The loseless Dolby TrueHD 5.1 mix uses some interesting sonic choices to give the overall aural presence a kind of subconscious claustrophobia. You feel the submarine is underwater, sense the cramped quarters and thin metal hull separating the crew from death by drowning. During the reactor repairs sequences, there is an urgency in the soundtrack that the Blu-ray remaster handles brilliantly. All the dialogue is easily discernible, and the musical score doesn't overdose on silly Soviet bombast. Of course, there are times when all dynamism is lost, when the sound suffers from a lack of true immersion. Still, for the most part, the tech spec presentation is pretty damn good.
Oddly enough, this Paramount Blu-ray release is packed with added content (some titles of late have been practically bare bones). First off, there is a nice commentary with Bigelow and her cinematographer Jeff Cronenweth. Going into lengthy discussions about lighting the inside of a sub and maintaining depth when the abundance of metal wants to turns visuals flat, it's a technical take of the film peppered with a few juicing behind the scenes anecdotes. There is also a decent Making-of that doesn't stray too far over into studio EPK material. Three featurettes flesh out the production, offering us looks at the make-up techniques used, the various vessels employed, and the attention to period and military details. Finally, there is a theatrical trailer. While all of these bonus features are insightful and interesting, they can't salvage the less than satisfying film they are supplementing.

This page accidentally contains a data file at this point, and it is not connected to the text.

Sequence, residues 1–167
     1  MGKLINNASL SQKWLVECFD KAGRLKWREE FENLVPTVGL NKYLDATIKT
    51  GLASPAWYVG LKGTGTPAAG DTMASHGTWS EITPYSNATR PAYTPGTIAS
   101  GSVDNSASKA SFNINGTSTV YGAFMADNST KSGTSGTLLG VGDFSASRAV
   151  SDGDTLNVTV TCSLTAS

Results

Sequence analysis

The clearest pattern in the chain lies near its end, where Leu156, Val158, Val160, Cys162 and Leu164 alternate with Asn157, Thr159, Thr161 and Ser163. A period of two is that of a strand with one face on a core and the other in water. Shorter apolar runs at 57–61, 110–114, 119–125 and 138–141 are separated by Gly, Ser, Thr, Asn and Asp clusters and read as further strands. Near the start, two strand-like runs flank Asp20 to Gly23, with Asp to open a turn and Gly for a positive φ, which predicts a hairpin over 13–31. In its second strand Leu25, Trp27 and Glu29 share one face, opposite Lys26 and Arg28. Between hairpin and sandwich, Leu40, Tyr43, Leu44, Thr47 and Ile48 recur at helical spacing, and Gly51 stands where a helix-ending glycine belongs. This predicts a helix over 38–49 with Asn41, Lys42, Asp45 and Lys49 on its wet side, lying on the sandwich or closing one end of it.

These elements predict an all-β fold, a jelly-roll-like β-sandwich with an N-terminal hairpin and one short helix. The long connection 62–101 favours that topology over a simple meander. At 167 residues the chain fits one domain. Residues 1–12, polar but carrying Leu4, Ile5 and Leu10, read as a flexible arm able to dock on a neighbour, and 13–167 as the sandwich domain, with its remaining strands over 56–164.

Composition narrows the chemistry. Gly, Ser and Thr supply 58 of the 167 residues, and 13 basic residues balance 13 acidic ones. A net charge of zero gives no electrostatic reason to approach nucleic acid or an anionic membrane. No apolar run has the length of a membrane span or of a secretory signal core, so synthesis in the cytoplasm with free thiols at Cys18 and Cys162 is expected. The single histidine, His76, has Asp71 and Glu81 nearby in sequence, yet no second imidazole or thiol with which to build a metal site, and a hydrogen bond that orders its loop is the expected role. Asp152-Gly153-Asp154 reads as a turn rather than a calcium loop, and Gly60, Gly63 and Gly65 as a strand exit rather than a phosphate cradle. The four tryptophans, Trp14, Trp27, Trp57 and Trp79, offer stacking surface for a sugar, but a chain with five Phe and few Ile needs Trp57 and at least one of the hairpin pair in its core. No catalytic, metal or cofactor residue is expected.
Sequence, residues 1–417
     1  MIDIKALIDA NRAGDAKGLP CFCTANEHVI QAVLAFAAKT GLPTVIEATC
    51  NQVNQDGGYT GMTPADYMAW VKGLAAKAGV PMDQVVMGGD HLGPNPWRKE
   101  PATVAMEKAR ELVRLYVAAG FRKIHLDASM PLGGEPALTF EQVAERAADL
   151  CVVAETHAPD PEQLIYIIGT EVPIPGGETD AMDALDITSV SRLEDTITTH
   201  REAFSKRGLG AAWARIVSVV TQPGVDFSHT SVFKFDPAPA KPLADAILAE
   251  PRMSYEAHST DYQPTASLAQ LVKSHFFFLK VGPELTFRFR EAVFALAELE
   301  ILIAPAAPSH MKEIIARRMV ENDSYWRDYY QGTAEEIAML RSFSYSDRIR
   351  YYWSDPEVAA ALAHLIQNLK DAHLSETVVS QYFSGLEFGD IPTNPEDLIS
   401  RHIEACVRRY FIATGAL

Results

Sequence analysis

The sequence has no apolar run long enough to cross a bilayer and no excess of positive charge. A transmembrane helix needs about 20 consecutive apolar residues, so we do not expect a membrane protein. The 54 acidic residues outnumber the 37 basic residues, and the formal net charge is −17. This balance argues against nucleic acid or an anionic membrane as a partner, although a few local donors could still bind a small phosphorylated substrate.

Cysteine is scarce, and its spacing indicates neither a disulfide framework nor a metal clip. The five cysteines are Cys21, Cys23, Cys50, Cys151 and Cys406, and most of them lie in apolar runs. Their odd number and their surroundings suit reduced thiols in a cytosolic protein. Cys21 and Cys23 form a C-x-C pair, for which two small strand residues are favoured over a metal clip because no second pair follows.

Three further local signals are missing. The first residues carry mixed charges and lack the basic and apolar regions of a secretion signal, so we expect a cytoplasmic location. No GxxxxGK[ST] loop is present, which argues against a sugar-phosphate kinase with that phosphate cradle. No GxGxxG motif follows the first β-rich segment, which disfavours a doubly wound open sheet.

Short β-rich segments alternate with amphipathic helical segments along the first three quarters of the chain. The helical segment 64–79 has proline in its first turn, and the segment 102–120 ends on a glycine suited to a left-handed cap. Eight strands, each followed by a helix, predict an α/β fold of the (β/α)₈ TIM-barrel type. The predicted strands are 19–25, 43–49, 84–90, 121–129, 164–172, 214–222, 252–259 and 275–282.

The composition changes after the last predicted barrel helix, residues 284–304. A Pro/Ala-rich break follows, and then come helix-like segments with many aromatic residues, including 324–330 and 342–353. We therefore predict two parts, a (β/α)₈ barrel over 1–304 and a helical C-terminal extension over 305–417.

K-19's history as a major cinematic stinker is not without reason. Though independently financed (by National Geographic, no less), it barely recouped a third of its costs. When added to Bigelow's already tenuous stake in Hollywood, her mishandling of Harrison Ford was the soon to be exiled icing on the cake. Luckily, a few years later, the filmmaker let her gender -and her genius - do the talking. Still, K-19: The Widowmaker is a tough movie to get through, earning a Rent It because of its inability to completely thrill or entertain. Sure, there are isolated moments when the movie finds a way to dig through all the dialogue and detail to deliver something akin to fun, but like the former USSR itself, joy among Russians is as rare as a meal without vodka (apologies in advance for the gross cultural overgeneralizations). Kathryn Bigelow has sure come a long way since this stinker. Luckily, she found a way to keep this film from burying her career completely.